With a perl one-liner (reformatted for readability): perl -e 'opendir($dh, "."); while ( readdir($dh) ) {$count++}; closedir $dh; print "$count\n";' or perl -e 'opendir($dh, "."); @files = readdir($dh); closedir $dh; print $#files+1,"\n";' You can use perl functions that modify arrays like grep or ...


0

It can be also: tree -if </your/path> or 'pwd' as a path


10

You can use the shell's sort order instead (which may not involve the locale's collation order; bash, AT&T ksh, yash, tcsh and zsh give the expected results, mksh and dash don't. fish seems to give a case insensitive order but gives different results when there are non-ASCII characters): ls -dUl -- .* * This gives ls an explicit list of files (and ...


4

You might simply use two separate ls commands: $ ls -dl ..?* .[^.]* 2>/dev/null ; ls -dl * -rw-r--r--. 1 sparhawk sparhawk 0 8 Jun 09:29 .a -rw-r--r--. 1 sparhawk sparhawk 0 8 Jun 09:29 .b -rw-r--r--. 1 sparhawk sparhawk 0 8 Jun 09:29 a -rw-r--r--. 1 sparhawk sparhawk 0 8 Jun 09:29 A -rw-r--r--. 1 sparhawk sparhawk 0 8 Jun 09:29 b -rw-r--r--. 1 ...


-2

You can play with ls command options. Try this: # ls -laXr Where: -l use a long listing format -a, --all do not ignore entries starting with . -X sort alphabetically by entry extension -r, --reverse reverse order while sorting


1

ls -l will display how many files contain the currunt directory and in long format. in total n files +1 line for total X as header. | wc -l counts the total lines that is fed so in total you will have n+1 (lines+(1)header after executing ls -l | wc -l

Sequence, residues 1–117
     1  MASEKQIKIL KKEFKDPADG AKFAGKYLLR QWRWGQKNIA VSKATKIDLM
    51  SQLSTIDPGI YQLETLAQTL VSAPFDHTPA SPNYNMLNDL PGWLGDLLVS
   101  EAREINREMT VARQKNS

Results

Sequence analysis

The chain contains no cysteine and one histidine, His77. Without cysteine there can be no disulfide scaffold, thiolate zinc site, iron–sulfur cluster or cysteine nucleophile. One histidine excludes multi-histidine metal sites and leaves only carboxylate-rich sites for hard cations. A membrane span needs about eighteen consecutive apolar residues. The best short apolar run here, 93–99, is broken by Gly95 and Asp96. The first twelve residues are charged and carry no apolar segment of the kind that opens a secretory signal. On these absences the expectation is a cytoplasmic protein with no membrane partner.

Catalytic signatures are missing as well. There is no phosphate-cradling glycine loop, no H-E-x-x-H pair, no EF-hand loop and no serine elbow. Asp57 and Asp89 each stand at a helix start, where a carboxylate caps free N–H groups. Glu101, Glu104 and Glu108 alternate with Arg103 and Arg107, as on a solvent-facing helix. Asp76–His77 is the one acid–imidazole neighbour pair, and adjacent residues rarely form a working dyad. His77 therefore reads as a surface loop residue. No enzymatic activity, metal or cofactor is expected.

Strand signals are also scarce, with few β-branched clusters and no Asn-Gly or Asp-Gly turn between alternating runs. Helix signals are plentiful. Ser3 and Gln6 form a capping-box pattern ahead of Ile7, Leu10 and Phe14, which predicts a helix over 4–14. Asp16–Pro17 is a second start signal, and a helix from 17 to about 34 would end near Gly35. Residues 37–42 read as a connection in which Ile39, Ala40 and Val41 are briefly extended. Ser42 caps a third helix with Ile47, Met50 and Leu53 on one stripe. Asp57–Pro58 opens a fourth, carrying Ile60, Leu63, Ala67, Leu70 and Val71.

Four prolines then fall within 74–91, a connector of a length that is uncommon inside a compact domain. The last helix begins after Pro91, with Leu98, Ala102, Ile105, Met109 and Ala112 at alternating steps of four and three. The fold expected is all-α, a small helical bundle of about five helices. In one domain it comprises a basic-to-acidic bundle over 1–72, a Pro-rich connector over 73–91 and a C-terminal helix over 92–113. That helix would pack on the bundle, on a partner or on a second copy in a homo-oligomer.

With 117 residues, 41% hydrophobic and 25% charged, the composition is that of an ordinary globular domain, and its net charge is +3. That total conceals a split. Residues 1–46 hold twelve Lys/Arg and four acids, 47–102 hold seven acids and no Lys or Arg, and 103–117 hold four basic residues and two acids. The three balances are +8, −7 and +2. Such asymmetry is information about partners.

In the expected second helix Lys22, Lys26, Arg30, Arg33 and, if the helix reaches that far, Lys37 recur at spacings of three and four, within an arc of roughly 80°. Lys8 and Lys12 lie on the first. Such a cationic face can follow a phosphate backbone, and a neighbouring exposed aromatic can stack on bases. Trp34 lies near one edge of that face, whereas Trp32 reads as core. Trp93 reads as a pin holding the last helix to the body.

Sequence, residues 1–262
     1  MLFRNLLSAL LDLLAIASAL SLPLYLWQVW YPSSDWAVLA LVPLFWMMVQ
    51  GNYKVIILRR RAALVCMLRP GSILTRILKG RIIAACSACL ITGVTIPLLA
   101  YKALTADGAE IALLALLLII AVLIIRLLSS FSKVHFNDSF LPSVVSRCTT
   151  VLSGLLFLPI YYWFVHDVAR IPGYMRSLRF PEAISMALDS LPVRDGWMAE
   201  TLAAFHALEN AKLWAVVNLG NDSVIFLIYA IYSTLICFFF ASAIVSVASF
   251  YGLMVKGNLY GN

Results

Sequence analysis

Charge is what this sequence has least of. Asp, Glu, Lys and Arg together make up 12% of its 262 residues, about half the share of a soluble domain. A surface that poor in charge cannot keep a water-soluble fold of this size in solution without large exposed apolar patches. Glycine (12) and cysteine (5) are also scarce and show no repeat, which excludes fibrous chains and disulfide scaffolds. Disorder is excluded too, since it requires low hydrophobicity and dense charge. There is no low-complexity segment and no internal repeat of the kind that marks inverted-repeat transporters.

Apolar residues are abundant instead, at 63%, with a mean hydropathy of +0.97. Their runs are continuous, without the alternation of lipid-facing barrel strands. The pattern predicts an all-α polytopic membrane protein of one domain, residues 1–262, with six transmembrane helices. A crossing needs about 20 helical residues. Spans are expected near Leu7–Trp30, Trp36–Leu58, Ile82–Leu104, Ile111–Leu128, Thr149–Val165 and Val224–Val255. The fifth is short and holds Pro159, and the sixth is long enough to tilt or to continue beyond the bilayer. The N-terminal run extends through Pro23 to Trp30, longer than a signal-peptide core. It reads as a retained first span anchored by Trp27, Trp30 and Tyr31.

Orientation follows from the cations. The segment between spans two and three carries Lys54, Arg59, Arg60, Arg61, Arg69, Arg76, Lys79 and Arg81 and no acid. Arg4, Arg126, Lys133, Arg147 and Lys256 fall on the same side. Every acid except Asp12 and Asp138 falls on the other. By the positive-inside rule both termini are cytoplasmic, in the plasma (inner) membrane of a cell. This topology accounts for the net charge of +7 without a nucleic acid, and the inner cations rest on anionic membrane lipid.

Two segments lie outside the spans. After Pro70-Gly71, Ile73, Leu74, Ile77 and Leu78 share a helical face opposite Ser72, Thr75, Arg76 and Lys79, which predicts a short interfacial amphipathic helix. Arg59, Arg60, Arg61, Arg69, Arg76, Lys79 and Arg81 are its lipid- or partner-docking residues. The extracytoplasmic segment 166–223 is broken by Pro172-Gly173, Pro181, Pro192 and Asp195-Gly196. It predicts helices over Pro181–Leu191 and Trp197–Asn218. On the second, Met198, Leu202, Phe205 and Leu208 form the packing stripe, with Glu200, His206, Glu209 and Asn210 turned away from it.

2

Yes, and also symlinks and sockets. And the first line (there are several questions here about what that number means) will also be counted. But you'll typically only find devices in /dev (with subdirectories) and there's typically very few files there, so I'm wondering if that's really what you want to do. What are you trying to accomplish? Also ls ...


3

No ls -l | wc -l will report the number of lines the ls -l command would give. Roughly the number of files+directories in the current directory plus something for the header.


1

It will show the number of lines output by ls -l which will include everything that has an entry in the current directory, including files (including special files if present), links, and directories.


3

While doing: find /data/code/ -name "*.jar" -exec {} ls \; you are trying the execute the file found (e.g. /data/code/project/shared/build/thirdparty/log4j-1.2.8/commons-logging-1.0.4.jar) with ls as an argument to it, leading to the permission denied error. Just switch the order: find /data/code/ -name "*.jar" -exec ls {} \; GNU find has -ls option ...


0

I tested these command on Linux Debian in the terminal. If your terminal is wide enough, just stating "ls" will give columns but it won't use all the space (width) of the terminal. I made the terminal as wide as the screen and "ls" just produced 4 columns. Problem is if you pipe this into "more" you loose the columns. Next I used "ls -w200" in the ...



Top 50 recent answers are included